- only send to people that you know are interested.
There are exceptions,
but it is usually better to go to each group in turn, and ask your self 'should
I post this here'. Once you've scanned the current discussions, you'll usually
find that it is neither helpful, not likely to be appreciated.
can a polite reply hurt anyone?
Very easily. Pressing the reply button
can vary in its effect, depending on the software you use and how it is set up.
Your reply may be automatically copied to all who received the first post, not
just the sender. The contents may include all of the original post; if you choose
to "quote original" but have been reading another post since you read the one
you are replying to, it is possible to quote from the wrong mail.
your reply, however polite, may be taken out of context and might cause inadvertent
pain - easily done when responding around the world, with such variation among
cultures (Never forget that England and America are "divided by a common language").
Why are people easily upset on the internet?
internet combines features of both the written and the spoken word, but lacks
what we all take for granted in speech; visible and audible cues. Thus a 'smart'
comment can become biting sarcasm, a verbal tease can become a mortal insult.
Two solutions have evolved:
The vile and ubiquitous
The cumbersome but <witty> emotag </witty>
Emoticons are the work of seconds from any keyboard, and are widely understood.
On the other hand, some people find them trite, facile and irredeemably stupid
Emotags mimic the text tags used in HTML coding. They take
a little thought and might not be worth that effort - but, arguably, they could
not be worse than <DIRE> emoticons </DIRE>
do some groups put up with trolls?
Each group or forum will have their
own tolerance level. With forums, it is the owner (or their chosen managers) who
set the tone, and decide how much trollism they will accept. For newsgroups, it's
a question of what the current membership will put up with.
If you leave
such a place, tell them them why you've left - but never look back, as 95% will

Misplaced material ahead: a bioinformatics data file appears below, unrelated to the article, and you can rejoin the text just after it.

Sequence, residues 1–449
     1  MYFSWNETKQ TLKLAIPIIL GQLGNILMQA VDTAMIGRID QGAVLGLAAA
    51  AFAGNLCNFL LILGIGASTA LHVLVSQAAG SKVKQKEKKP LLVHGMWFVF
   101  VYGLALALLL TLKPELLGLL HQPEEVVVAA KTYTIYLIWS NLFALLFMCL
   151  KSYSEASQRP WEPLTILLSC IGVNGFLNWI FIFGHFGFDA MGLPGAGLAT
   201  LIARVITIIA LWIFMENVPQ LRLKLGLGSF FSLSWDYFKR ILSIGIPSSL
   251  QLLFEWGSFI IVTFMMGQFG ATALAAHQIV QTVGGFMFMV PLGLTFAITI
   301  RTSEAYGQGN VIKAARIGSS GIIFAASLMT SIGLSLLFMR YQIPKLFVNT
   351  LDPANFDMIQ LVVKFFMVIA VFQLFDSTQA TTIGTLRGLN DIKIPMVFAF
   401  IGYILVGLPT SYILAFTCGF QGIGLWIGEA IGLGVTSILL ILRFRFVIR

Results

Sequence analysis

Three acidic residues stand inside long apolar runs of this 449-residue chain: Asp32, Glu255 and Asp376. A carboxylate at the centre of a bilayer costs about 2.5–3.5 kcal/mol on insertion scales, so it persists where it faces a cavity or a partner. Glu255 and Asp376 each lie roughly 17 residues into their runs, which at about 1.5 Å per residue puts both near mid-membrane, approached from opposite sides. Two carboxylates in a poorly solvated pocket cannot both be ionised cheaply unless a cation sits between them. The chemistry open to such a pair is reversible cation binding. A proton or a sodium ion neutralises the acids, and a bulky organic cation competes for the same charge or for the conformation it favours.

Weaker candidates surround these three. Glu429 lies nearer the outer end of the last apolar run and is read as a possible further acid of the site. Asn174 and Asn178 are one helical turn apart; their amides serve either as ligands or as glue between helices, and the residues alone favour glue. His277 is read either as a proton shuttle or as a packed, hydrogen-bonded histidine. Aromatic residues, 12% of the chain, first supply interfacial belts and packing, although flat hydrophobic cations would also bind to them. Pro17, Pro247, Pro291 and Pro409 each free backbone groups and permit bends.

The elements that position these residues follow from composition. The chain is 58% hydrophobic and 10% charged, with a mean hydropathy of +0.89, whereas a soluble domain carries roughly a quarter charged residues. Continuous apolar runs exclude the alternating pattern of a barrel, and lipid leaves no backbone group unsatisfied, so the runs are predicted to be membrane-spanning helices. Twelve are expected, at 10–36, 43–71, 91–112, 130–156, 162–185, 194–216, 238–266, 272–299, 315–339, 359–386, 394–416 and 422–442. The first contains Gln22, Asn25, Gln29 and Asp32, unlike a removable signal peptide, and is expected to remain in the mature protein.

not change. Their site, their choice.
YOUR choice is to look around the
web until you find a site that shares your tolerance level - the web is so huge,
there HAS to be one!
The range of tolerance is huge; On one site, they may
have ZERO tolerance of spammers and trolls; the moderators simply delete any suspicious
posts, and if the member objects, they are deleted. End of story.
other extreme, quite the oppposite. The owner tells them straight, and gives them
the option to clean up their act. If they don't, it's open season and members
are encouraged give them a really hard time until they get bored. trolls are allowed
to stay ONLY as long as they provide entertainment for the members.
is "shop around"; if you are not comforatble, move on. It's a big web,
and it caters for all tastes. There really is little point in staying where you
do not like the atmosphere - and it only encourages them.
nothing wrong with reading a forum in another language; pick up what you can,
and maybe learn a little of the language too. But few groups will tolerate someone
who joins, and then asks badly translated questions - especially if the questions
have been answered 674 times before. Let's face it, if you can't even ask the
question ... what are you going to do with the answer?
- insulting criticism or remark meant to incite anger.
Groups - Web based version of Usenet
- selecting a person or thread to be ignored in future.
- Subscribe to a group, but take no active part
- a newsgroup post that is intended to provoke readers; or a person who makes
such a post.
Thanks to Edward Rogers
for suggesting the items on reponding to email, and for useful thoughts on forum
How this page works ...
This page is to help anyone
with an interest in Netiquette - or simply in the use of the internet. If you
want to ask a supplementary question, write to me - I do not promise an
answer - but I'll help if I can, and may add it to this page.
your views on the whole idea - did you find it useful?